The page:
Booking.com, an enterprise that maintains a travel-reservation website by the same name, sought US federal registration for the mark “Booking.com”. Concluding that “Booking.com” is a generic name for online hotel-reservation services, the U. S. Patent and Trademark Office (PTO) refused registration.
According to US trademark law a generic name - the name of a class of products or services - is ineligible for federal trademark registration even despite secondary meaning acquired through use. “Generic” term names a “class” of goods or services, rather than any particular ”descriptive” feature of a good or service. Descriptive terms are eligible for trademark registration if they enjoy secondary meaning i.e. consumers perceive the name as a trademark due to sufficient use as a trademark.
In the US Supreme Court's 8-1 decision it was ruled that adding ".com" to a generic word can make the overall combination eligible for trademark registration. 19-46 Patent And Trademark Office v. Booking.com BV (06/30/2020)
The court held that whether any given “generic.com” term is generic depends on whether consumers in fact perceive that term as the name of a class or, instead, as a term capable of distinguishing among members of the class.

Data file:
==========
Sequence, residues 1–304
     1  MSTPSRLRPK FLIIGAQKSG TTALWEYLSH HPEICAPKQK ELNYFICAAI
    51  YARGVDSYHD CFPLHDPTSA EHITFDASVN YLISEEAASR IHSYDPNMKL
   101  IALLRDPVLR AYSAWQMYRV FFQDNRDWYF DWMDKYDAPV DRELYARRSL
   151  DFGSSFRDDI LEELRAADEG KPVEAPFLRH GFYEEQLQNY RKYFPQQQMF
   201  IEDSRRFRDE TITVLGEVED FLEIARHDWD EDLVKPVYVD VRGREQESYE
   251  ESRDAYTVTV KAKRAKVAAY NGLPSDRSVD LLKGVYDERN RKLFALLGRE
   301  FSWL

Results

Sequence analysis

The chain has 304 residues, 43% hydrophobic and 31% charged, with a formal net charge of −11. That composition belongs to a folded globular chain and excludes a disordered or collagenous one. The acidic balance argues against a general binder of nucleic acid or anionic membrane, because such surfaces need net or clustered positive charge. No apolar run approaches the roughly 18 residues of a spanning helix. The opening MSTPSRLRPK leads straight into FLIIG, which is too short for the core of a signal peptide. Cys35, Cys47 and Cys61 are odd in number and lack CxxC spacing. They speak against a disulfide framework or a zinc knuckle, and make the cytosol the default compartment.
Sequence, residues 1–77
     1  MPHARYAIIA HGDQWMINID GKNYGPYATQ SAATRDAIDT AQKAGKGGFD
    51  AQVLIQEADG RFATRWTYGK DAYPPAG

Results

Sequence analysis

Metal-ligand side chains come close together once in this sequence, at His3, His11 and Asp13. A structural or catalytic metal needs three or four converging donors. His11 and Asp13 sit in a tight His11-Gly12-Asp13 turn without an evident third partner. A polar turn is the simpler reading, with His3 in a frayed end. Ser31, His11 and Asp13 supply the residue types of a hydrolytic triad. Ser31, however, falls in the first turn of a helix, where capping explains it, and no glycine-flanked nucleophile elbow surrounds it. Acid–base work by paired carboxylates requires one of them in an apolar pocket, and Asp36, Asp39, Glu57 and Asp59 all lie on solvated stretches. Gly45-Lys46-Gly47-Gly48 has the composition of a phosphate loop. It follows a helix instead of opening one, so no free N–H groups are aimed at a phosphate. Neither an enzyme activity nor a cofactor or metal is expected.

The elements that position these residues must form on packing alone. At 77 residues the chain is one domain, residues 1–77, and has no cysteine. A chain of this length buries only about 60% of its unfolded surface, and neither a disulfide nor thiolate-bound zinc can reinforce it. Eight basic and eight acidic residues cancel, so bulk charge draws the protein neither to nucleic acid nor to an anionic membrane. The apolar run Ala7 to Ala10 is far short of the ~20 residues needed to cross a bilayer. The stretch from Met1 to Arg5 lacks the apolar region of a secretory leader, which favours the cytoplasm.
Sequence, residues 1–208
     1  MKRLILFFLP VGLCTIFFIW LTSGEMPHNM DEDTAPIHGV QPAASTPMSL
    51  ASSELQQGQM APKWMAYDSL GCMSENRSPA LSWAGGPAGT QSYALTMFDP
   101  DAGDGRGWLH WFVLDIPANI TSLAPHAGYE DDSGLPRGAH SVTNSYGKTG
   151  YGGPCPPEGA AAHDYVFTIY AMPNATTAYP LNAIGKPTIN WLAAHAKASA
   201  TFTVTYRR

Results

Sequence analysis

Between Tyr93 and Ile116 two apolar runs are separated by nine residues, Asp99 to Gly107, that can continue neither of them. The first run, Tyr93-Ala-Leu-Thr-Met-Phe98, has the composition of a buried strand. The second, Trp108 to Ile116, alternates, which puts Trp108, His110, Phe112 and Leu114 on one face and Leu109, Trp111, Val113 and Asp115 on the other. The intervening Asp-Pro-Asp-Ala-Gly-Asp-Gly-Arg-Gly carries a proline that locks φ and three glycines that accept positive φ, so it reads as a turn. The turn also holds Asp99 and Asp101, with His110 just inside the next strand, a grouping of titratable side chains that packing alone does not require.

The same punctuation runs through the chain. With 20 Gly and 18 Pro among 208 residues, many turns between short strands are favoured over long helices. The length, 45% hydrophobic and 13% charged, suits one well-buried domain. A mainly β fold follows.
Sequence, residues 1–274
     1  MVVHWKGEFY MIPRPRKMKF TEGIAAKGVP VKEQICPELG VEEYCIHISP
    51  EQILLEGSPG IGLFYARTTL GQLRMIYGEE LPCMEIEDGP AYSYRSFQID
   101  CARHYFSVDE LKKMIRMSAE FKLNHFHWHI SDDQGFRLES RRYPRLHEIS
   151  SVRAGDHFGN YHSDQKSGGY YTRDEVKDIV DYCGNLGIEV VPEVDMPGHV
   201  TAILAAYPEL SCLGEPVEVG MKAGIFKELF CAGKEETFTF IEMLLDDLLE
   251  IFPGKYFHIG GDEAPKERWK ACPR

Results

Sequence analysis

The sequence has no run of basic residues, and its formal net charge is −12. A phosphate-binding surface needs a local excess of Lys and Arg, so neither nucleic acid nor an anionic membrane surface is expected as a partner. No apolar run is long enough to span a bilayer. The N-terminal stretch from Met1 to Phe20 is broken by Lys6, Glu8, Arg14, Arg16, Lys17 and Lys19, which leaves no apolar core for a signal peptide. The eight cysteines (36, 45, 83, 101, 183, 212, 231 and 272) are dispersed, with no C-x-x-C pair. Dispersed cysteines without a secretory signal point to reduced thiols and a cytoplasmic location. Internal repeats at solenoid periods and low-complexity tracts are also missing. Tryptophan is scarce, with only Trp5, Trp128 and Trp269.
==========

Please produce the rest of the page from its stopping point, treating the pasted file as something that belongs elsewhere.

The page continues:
Following this logic the court ruled that ”because ’Booking.com’ is not a generic name to consumers, it is not generic.”
Consumers do not use the combination term “Booking.com” to refer to the class of hotel reservation websites in ordinary speech (unlike the mere word ”booking”).
As the mark is descriptive rather than generic, the trademark owner could successfully rely on evidence that showed that 74.8% of participants thought that “Booking.com” is a brand name, whereas 23.8% believed it was a generic name.
In the EU the rules relating to distinction of generic and descriptive names differ to some extent. However, BOOKING.COM has been registered as an EU trademark based an acquired distinctiveness since 2011.